CATHOLIC NEWS OF THE WEEK . Saturday, 7 July 2018

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Easter triumphs over death, injustice, deprivation and slavery pope proclaims

VATICAN CITY (CNS): Easter morning dawned bright and sunny at the Vatican, highlighting the thousands of flowers, trees and bushes donated by flower growers in the Netherlands.
 
Before delivering his Urbi et Orbi (To the city and the world) blessing on April 1, Pope Francis prayed made special mention of the ongoing carnage in Syria as well as the recent violence which saw 15 Palestinians killed during protests along Gaza’s border with Israel on March 30.
 
The pope prayed for “fruits of reconciliation for the Holy Land, also experiencing in these days the wounds of ongoing conflict that do not spare the defenseless.” 
 
He also prayed for Yemen and the entire Middle East, “so that dialogue and mutual respect may prevail over division and violence.”
 
Remembering Christians in the Middle East who have suffered for their faith, the pope prayed that “our brothers and sisters in Christ, who not infrequently put up with injustices and persecution, (might) be radiant witnesses of the risen Lord and of the victory of good over evil.”
 
The pope also remembered “the beloved and long-suffering land of Syria, whose people are worn down by an apparently endless war.”
 
He prayed, “This Easter, may the light of the risen Christ illuminate the consciences of all political and military leaders, so that a swift end may be brought to the carnage in course, that humanitarian law may be respected and that provisions be made to facilitate access to the aid so urgently needed by our brothers and sisters, while also ensuring fitting conditions for the return of the displaced.”
 
Speaking from the central balcony of St. Peter’s Basilica, Pope Francis focused on how Jesus foretold his death and resurrection using the allegorical story of the grain of wheat, which bears no fruit unless it is put into the ground.
 
“This is precisely what happened: Jesus, the grain of wheat sowed by God in the furrows of the earth, died, killed by the sin of the world,” the pope said, adding, “He remained two days in the tomb; but his death contained God’s love in all its power, released and made manifest on the third day, the day we celebrate today: the Easter of Christ the Lord.”
 
In a brief homily during the morning Mass celebrated earlier in St. Peter’s Square, Pope Francis spoke of how God’s actions throughout history to save his people have been acts that surprised them, touched their hearts and prompted them to rush to share the news with others. 
 
“The women who had gone to anoint the Lord’s body found themselves before a surprise” when they reached the empty tomb, he said. “God’s announcements are always a surprise, because our God is a God of surprises.”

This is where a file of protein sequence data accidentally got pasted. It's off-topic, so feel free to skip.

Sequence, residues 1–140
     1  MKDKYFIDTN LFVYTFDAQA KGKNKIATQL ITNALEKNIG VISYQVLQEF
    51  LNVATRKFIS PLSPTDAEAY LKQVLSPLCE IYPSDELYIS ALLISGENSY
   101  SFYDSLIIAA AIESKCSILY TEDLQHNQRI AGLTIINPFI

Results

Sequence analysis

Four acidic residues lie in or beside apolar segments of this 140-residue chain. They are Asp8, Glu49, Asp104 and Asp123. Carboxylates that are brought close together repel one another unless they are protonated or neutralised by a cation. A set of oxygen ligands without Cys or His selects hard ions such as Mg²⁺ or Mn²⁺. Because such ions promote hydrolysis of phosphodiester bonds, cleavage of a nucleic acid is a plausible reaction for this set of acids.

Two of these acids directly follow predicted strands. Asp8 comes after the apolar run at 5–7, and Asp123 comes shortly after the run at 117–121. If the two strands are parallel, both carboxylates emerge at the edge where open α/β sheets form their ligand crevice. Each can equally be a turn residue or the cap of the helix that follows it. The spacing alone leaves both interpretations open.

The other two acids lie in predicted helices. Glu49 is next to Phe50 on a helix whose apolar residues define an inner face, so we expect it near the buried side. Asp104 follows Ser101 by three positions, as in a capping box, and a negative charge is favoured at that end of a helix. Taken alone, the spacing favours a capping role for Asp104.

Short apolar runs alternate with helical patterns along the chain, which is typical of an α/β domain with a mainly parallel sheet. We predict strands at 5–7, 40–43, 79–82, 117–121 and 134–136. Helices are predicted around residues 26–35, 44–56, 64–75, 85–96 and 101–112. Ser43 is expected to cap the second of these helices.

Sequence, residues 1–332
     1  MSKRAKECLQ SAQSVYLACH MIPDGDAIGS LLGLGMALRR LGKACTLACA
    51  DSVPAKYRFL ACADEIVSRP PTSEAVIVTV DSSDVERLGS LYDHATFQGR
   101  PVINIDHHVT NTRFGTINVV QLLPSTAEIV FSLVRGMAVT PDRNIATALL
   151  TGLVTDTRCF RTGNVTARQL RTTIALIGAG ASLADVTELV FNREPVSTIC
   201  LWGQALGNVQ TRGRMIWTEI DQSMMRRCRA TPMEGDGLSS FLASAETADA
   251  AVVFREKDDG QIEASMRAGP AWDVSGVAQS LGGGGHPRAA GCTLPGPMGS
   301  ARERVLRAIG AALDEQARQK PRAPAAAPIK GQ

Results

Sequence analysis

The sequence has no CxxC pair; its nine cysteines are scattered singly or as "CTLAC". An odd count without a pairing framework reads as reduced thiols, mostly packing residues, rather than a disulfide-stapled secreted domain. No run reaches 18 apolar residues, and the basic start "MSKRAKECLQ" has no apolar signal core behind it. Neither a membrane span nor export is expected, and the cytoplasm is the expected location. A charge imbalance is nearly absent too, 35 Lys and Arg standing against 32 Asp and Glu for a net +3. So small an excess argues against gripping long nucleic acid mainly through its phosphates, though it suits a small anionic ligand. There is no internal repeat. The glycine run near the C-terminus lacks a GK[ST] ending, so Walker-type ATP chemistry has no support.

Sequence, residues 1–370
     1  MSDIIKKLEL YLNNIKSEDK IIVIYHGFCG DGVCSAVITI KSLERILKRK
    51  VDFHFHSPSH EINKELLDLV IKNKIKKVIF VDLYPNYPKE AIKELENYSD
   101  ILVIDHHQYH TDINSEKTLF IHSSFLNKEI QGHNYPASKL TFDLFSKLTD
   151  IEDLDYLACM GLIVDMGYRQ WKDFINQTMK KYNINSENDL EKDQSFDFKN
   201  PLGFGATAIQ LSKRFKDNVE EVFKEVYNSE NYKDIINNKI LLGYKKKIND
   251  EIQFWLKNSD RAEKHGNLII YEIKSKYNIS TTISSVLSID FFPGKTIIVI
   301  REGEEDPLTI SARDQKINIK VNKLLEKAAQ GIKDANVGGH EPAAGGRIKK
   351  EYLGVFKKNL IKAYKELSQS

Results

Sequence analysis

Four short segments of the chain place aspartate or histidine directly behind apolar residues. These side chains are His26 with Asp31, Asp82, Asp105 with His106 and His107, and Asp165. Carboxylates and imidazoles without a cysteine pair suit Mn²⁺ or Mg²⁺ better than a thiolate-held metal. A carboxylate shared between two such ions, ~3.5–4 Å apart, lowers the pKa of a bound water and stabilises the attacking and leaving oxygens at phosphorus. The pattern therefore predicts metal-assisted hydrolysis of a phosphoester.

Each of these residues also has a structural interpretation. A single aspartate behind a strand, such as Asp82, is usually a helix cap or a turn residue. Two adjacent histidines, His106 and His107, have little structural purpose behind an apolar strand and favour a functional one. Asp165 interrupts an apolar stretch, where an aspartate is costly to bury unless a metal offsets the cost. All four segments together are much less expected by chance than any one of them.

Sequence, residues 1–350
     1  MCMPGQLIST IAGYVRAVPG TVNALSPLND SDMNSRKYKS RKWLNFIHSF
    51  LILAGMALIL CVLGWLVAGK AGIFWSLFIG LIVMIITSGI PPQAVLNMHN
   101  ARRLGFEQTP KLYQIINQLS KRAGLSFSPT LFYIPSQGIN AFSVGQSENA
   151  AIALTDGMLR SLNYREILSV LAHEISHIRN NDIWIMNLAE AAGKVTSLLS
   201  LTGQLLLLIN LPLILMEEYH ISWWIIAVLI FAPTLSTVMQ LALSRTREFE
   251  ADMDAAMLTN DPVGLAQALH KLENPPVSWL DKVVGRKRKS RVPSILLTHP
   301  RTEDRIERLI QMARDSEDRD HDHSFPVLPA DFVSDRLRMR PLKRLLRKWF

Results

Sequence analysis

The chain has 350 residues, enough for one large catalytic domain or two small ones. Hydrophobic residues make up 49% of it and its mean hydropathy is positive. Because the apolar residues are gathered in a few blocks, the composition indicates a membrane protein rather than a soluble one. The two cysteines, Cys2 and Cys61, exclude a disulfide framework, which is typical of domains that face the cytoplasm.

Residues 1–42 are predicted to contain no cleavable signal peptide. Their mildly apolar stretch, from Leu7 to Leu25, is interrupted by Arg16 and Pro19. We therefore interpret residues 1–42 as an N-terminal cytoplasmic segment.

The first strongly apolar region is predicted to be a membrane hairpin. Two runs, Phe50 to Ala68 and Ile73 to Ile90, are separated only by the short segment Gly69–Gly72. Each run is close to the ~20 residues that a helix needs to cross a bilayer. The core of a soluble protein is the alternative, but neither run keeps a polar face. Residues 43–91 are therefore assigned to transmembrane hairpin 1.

The pope said, “Those people left what they were doing; housewives left their potatoes in the pan—they would find them burned later—but what is important is to go, run to see the surprise” that was announced, Pope Francis said.
 
On Easter, he said, Christians should ask themselves if they have hearts open to being surprised by God and if they feel a need to rush to share with others the good news of God’s saving acts.
 
After the Mass, Pope Francis climbed into the pope mobile for a quick trip around St. Peter’s Square then went up to the balcony to give his Urbi et Orbi.
 
Addressing the tens of thousands of people gathered in St. Peter’s Square, the pope stressed that Jesus’ power over death continues today and can bring peace to the world’s most serious situations of conflict, including in Syria, the Holy Land, Yemen, Congo, South Sudan, Ukraine, the Korean peninsula and Venezuela.
 
“We Christians believe and know that Christ’s resurrection is the true hope of the world, the hope that does not disappoint,” the pope said. 
 
“It is the power of the grain of wheat, the power of that love which humbles itself and gives itself to the very end, and thus truly renews the world,” he said.
 
In all the “furrows of our history, marked by so many acts of injustice and violence,” the pope  said, the power of the Resurrection and the acts it inspires in believers “bears fruits of hope and dignity where there are deprivation and exclusion, hunger and unemployment, where there are migrants and refugees—so often rejected by today’s culture of waste—and victims of the drug trade, human trafficking and contemporary forms of slavery.”
 
Pope Francis included special prayers for “those children who, as a result of wars and hunger, grow up without hope, lacking education and health care; and to those elderly persons who are cast off by a selfish culture that ostracizes those who are not ‘productive’.”
 
Pope Francis said that Easter makes it clear that in the life of Jesus, but also in the lives of modern men and women, “death, solitude and fear” do not have the last word.
 
“The words heard by the women at the tomb are also addressed to us: ‘Why do you seek the living among the dead? He is not here, but has risen!’” the pope said.
 
Pope Francis concluded by greeting those who had come from all over the world to celebrate in Rome, as well as those watching through various media outlets.
 
He prayed for families, especially the elderly who are “the precious memory of society” and the young, “the future of the Church and the humanity.”
 
Pope Francis then ended with his customary, “Please do not forget to pray for me,” adding, “Enjoy your lunch.”

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